Compact Stellarator: Fusion reactors that produce star-like power

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Fusion Reactors have long been a mystical potential energy source that have been conceptualized and debated for over fifty years now. But today, the reality of the possibilities within these complex reactors is much closer to becoming a generating truth. The U.S. Department of Energy has commissioned the Princeton Plasma Physics Laboratory began building a machine called a “compact stellarator.”
This star-studded machine is intended to perfect the magnetic fields needed to control the intense thermonuclear activity involved. The interior of the stellarator machine contains 18 of the most advanced electromagnets ever designed. Princeton Engineers are creating coils that weigh some 6000 pounds and come in a variety of three different shapes. When linked up to the stellarator compactor the coils form a precisely shaped magnetic field. This field can manipulate superheated ionized gas, otherwise known as plasma in this case.


Some Noteworthy Facts:
– In order to get like-charged nuclei to bond, the plasma has to heat up to temperatures hotter than the sun’s core.
– The power that the proposed operating Stellarator reactor could generate is 1000 megawatts.
– The federal monetary supplementation contributed so far tops out at $74 million dollars and climbing.
– By 2012, the first National Compact Stellarator Experiment is scheduled to start production operations.
Regardless of what is to be gained from this experimentation-which is making strong headway recently-fusion power plants still remain perhaps decades away from reality. Aside from the discouraging timeline, billions of dollars will need to be invested throughout the years in order to see this promising energy solution.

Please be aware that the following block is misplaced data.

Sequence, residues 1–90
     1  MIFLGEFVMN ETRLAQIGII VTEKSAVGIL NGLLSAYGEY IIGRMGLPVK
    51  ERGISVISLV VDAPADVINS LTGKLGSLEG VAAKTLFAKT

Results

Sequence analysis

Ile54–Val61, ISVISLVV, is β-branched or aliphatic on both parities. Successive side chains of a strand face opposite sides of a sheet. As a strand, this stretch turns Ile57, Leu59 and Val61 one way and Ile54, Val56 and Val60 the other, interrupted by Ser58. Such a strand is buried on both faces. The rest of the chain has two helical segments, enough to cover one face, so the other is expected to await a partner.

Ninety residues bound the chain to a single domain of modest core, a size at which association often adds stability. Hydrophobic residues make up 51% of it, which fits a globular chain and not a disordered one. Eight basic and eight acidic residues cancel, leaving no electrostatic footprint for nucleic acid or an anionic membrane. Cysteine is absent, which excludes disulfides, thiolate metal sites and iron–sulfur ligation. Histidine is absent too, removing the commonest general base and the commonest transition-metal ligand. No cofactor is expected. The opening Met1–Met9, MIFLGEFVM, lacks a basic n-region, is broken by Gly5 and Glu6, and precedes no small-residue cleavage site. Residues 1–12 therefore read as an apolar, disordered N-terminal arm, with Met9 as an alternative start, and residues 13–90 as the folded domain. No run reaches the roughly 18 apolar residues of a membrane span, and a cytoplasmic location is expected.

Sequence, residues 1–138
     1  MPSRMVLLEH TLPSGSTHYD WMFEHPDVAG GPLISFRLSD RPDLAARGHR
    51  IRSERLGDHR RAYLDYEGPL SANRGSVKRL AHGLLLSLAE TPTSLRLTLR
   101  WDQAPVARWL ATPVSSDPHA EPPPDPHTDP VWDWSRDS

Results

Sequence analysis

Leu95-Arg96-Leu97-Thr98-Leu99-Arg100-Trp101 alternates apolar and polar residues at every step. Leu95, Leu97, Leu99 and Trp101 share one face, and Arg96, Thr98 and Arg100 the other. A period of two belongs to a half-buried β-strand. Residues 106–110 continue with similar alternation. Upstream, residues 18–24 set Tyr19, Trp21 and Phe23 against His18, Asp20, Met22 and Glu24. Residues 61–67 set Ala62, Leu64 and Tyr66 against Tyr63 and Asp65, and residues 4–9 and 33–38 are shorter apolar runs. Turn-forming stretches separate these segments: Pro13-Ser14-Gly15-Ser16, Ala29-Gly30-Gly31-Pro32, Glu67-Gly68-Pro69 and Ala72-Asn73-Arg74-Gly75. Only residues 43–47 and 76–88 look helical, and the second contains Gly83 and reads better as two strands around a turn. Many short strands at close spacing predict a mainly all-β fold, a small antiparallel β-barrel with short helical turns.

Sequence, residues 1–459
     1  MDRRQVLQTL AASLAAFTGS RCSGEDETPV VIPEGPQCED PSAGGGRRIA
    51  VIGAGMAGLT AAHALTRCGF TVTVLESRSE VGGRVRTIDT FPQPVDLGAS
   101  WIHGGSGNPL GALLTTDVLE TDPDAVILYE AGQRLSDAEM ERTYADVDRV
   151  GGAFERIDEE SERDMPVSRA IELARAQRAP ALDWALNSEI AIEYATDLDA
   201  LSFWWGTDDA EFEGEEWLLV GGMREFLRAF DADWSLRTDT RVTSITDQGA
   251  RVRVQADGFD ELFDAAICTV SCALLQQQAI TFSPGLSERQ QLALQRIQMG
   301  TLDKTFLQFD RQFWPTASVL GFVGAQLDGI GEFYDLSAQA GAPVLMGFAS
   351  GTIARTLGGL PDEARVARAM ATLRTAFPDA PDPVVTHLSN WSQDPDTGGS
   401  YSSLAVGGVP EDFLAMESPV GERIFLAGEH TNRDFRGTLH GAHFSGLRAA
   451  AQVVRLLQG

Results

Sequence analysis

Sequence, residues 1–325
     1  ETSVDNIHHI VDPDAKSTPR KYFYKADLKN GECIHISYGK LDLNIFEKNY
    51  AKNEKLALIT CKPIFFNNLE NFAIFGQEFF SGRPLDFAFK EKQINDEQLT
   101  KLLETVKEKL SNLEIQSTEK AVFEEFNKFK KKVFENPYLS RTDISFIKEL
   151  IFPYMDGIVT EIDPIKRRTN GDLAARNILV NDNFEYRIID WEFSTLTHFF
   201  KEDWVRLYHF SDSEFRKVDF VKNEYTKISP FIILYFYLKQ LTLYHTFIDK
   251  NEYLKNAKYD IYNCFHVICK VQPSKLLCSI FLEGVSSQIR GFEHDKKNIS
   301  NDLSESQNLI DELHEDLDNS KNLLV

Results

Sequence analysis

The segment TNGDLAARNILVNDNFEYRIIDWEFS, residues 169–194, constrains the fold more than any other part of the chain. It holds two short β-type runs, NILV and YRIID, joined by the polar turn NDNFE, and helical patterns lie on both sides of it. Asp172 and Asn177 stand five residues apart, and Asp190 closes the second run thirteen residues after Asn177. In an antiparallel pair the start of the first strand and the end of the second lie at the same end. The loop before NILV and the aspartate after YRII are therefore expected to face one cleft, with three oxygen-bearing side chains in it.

Nick Aster is a new media architect and the founder of TriplePundit.com

TriplePundit.com has since grown to become one of the web's leading sources of news and ideas on how business can be used to make the world a better place.

Prior to TriplePundit Nick worked for Mother Jones magazine, successfully re-launching the magazine's online presence. He worked for TreeHugger.com, managing the technical side of the publication for 3 years and has also been an active consultant for individuals and companies entering the world of micro-publishing. He earned his stripes working for Gawker Media and Moreover Technologies in the early days of blogging.

Nick holds an MBA in sustainable management from the Presidio School of Management and graduated with a BA in History from Washington University in St. Louis.

7 responses

  1. This device in form and scale, resembles the Tokamak test reactor that Princeton was operating some 22 years ago at this same laboratory. What is the difference or advantage of the same approach now after all this time?

  2. Single bubble sonoluminesences.
    Up to 9000K to 15000K from an imploding bubble. Definately generates a plasma but is it fussion?

  3. Single bubble sonoluminesences.
    Up to 9000K to 15000K from an imploding bubble. Definately generates a plasma but is it fussion?

  4. I was at Princeton in 1985 and toured the Tokamak test reactor. We were told at that time that with the rate of funding and the scientific problems that needed to be solved it would take 50 years to have a reaction that was at break even, where the energy that you were applying was equal to the energy output. Funding for this type of research was cut. What we see now is the UK taking that model and the research and funding it. Was not funding our big mistake?

  5. I would like to publish or have some one exaine my newly discouverd theroey on why charged particles move when traveling in mag. field. AAlso to veiw cold fussion reactor design.

  6. I would like to publish or have some one exaine my newly discouverd theroey on why charged particles move when traveling in mag. field. AAlso to veiw cold fussion reactor design.

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